CHICAGO (WLS) --A Chicago woman is recovering from frostbite she suffered after shoveling snow in the extreme cold.
Karen Tulsie has been in the hospital for a few days, a tough adjustment for the active 72-year-old. In fact, she was busy shoveling the sidewalk of her Woodlawn home on Monday, January 11, and was back shoveling again on Wednesday. But the next day, she knew something was wrong.
"My legs and feet were aching. They woke me up. So I knew something must have happened to my feet when I was out there," Tulsie said.
Tulsie was concerned about frostbite and consulted with her doctor, who advised her to watch out for any blisters on her feet. They developed by Saturday, and she went to the hospital.
"It really frightened me. When you see purple toes and big, huge blisters," Tulsie said.
Doctors at University of Chicago Medical Center confirmed Tulsie had frostbite - one of several patients they have seen this season. They say her early attention to the problem helped with getting prompt treatment, and her toes did not have to be amputated. But doctors say to prevent frostbite, it's important to pay attention to the weather.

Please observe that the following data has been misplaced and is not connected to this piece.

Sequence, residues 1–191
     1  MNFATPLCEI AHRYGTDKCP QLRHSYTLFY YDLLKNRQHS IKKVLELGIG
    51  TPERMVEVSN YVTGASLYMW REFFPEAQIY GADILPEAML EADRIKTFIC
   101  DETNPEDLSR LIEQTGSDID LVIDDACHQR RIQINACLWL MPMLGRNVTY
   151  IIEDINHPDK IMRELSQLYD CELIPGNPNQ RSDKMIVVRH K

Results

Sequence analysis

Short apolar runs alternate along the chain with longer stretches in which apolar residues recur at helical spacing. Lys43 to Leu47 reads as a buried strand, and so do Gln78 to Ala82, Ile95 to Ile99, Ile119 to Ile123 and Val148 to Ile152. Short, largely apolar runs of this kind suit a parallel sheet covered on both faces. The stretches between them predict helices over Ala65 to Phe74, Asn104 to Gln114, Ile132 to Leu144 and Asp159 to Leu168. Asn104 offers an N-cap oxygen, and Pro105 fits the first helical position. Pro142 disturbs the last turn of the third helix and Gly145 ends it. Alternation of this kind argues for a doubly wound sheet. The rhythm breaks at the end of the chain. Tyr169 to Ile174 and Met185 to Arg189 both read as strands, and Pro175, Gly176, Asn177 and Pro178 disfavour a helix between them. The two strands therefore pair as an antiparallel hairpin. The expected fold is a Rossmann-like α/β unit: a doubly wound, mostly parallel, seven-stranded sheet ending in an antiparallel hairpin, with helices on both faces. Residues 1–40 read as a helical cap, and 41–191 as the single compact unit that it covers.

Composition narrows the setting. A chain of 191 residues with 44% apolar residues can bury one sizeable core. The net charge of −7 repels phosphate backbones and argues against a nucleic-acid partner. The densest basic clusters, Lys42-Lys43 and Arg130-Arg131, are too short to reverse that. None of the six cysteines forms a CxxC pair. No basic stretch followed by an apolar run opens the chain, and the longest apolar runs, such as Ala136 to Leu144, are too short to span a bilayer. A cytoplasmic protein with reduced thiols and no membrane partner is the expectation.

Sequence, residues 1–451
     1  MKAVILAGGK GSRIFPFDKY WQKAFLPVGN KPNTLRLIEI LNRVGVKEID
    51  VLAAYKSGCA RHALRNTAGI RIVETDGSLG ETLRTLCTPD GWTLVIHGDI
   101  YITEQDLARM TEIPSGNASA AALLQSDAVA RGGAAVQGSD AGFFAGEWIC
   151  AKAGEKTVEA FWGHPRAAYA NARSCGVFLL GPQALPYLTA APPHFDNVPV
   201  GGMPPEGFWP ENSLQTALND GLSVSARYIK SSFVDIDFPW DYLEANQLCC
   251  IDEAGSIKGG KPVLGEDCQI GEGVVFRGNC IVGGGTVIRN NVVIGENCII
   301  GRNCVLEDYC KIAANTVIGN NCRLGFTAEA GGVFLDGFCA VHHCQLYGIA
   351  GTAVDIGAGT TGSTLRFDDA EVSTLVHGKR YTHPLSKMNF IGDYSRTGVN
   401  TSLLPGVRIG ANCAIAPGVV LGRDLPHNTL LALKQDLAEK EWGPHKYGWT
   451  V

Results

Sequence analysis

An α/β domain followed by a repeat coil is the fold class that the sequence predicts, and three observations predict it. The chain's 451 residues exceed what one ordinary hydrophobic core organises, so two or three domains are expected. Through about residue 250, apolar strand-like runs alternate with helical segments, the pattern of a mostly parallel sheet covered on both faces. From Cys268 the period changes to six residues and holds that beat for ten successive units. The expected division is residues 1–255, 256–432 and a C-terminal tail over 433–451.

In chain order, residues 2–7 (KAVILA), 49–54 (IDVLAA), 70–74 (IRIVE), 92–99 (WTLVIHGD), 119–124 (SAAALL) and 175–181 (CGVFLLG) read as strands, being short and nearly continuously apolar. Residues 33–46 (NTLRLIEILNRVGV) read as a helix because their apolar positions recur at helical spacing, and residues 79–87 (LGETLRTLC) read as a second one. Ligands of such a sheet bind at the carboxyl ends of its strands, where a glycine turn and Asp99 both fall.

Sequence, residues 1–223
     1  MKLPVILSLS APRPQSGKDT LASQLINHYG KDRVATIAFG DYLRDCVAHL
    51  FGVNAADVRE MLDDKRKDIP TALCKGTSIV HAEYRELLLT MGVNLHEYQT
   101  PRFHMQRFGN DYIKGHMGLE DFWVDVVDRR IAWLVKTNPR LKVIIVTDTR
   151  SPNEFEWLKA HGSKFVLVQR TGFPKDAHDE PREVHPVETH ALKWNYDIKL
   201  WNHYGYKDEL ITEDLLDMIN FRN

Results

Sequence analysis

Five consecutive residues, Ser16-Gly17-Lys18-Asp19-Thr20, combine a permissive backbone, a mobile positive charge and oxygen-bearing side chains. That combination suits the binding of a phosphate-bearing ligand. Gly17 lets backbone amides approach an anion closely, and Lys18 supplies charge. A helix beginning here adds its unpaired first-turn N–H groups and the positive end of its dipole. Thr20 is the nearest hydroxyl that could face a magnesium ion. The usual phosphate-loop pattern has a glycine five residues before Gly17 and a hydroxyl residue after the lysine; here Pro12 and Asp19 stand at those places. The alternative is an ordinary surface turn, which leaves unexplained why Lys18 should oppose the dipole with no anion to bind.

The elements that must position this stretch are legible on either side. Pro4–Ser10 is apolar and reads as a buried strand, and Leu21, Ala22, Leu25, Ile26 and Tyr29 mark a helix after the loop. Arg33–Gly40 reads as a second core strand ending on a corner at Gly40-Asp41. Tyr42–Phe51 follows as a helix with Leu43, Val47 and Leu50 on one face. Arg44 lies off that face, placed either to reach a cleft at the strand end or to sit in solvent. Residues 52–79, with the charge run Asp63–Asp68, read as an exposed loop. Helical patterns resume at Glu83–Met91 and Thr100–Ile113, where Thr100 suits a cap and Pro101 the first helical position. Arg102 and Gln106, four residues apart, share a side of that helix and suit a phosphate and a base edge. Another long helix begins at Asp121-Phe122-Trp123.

"If you have wind chills that are in the -20 range, within 30 minutes you can get frostbite on your skin," said Dr. Gary An, University of Chicago Medical Center.
Frostbite can happen in even less time if your skin is wet. Doctors say to make sure you dress in warm, water resistant layers.
"You can be out there and get frostbit, like what happened to me, and you can't feel it at all," Tulsie said.
Doctors expect to keep Tulsie in the hospital at least through the end of the week. She is expected to make a full recovery. In the future, she says she may consider paying someone to shovel for her.